"It's not for retirees, or anybody who has trouble getting around," Benson said. "It's for people who can afford a very private place and are willing to go to the trouble to get there."

Benson said that, even with these limitations, the 69 lots sold in five months for between $65,000 and $90,000. Construction on the island is also expensive, roughly three times the cost of building on the mainland in Accomack County because construction equipment and material must be brought out on barges.

The Bensons just finished building a two-story beach house complete with whirlpool tub and dishwasher on the island for themselves, and while they have concerns about the shifting sand, Elizabeth Benson said the development should be flexible enough to accomodate the island's fickle nature.

"The buildings are built on stilts, so the water can wash under them, and the lots are long so that people can move their houses back if the island moves west," Benson said. "It is risky, but it's my dime. If I lose my house that's my problem."

Local officials, however, said they are afraid it may be the taxpayers' dime that ultimately goes towards supporting development on Cedar Island. The county filed suit last October against Benson and several other landowners who had recently been awarded building permits by the Virginia Marine Resources Commission.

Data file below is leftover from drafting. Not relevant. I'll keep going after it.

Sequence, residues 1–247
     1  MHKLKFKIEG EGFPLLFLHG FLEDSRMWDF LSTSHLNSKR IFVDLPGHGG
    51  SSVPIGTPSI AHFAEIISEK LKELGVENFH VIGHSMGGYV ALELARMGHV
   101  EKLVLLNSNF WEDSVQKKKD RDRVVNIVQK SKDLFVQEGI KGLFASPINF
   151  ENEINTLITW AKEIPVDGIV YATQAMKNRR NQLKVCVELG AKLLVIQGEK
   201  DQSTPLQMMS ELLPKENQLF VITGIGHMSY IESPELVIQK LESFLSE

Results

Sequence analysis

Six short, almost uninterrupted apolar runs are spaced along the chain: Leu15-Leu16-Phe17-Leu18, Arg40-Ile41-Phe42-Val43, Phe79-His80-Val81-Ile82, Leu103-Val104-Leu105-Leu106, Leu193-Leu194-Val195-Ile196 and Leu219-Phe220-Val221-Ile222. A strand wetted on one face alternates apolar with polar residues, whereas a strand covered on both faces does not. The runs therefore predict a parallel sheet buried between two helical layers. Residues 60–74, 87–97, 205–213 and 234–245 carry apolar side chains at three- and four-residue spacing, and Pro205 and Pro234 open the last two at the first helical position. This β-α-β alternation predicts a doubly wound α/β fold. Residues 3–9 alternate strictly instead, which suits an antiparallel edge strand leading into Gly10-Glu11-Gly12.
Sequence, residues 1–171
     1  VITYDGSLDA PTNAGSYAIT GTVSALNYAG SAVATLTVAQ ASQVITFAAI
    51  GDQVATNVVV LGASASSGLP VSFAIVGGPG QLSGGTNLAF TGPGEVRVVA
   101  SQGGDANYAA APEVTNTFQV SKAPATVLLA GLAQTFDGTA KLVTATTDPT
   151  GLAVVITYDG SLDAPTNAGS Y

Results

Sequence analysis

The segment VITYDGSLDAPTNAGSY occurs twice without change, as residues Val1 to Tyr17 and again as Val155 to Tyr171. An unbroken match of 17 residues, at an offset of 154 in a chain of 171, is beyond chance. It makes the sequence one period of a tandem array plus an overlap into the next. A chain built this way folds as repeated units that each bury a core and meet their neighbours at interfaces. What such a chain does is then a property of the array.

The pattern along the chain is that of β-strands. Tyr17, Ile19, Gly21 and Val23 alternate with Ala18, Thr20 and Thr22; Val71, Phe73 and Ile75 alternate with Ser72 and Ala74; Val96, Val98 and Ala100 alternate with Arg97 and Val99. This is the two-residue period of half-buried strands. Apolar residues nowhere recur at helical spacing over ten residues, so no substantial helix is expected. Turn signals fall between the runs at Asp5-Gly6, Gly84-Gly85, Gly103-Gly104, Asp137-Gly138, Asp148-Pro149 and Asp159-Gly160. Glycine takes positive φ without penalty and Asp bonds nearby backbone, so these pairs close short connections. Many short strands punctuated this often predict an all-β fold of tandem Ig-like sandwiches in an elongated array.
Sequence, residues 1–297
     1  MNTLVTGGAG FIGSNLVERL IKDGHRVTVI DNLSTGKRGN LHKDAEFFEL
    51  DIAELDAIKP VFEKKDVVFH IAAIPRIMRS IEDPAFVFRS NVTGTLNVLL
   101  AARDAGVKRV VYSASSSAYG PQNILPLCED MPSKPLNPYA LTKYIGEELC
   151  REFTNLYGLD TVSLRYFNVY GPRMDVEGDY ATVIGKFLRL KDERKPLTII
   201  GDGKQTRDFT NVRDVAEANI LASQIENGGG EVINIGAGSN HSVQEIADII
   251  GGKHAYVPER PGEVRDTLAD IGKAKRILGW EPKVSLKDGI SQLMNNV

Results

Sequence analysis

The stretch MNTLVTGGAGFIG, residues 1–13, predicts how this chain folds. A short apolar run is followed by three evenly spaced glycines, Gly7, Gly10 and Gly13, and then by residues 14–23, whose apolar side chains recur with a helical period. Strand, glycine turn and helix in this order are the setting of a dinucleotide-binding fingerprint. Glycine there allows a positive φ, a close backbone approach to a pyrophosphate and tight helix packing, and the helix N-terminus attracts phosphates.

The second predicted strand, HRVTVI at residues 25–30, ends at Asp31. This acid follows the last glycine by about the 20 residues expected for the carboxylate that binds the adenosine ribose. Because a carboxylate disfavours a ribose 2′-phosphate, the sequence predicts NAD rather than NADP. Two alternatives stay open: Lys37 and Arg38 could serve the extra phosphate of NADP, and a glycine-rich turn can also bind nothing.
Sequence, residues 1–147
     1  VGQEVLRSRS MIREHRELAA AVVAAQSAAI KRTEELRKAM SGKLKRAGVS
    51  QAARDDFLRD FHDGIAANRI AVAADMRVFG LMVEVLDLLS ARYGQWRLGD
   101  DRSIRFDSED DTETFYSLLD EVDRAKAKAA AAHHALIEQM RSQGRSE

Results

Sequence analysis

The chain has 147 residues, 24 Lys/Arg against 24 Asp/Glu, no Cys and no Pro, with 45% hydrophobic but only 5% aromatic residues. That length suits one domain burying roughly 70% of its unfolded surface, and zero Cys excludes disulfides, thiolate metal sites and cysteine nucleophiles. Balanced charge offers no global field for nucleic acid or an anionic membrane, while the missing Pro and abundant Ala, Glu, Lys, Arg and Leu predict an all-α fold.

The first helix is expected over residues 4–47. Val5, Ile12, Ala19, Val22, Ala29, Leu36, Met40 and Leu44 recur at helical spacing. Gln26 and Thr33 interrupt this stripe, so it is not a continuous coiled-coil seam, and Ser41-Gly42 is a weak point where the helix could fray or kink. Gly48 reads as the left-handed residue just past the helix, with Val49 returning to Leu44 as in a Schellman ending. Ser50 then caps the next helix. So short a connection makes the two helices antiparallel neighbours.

The VMRC, a state agency, oversees development of protected wetlands and primary sand dunes. According to VMRC's Norman Larsen, director of VMRC's habitat management division, the building permits for Cedar Island have raised some difficult questions for the commission.

"The question with Cedar Island is, should the Sand Dune Protection Act be administered differently for a dynamic barrier island like Cedar Island than for the larger islands around Norfolk," Larsen said. "It has gotten to be a very complicated question and the commission is trying to make sure than any development be as limited as possible."

While Accomack County has not named the VRMC as a defendent in its suit, it has asked the court to reverse the commission's actions on the basis that the commission violated its legislative authority by allowing development on Cedar Island.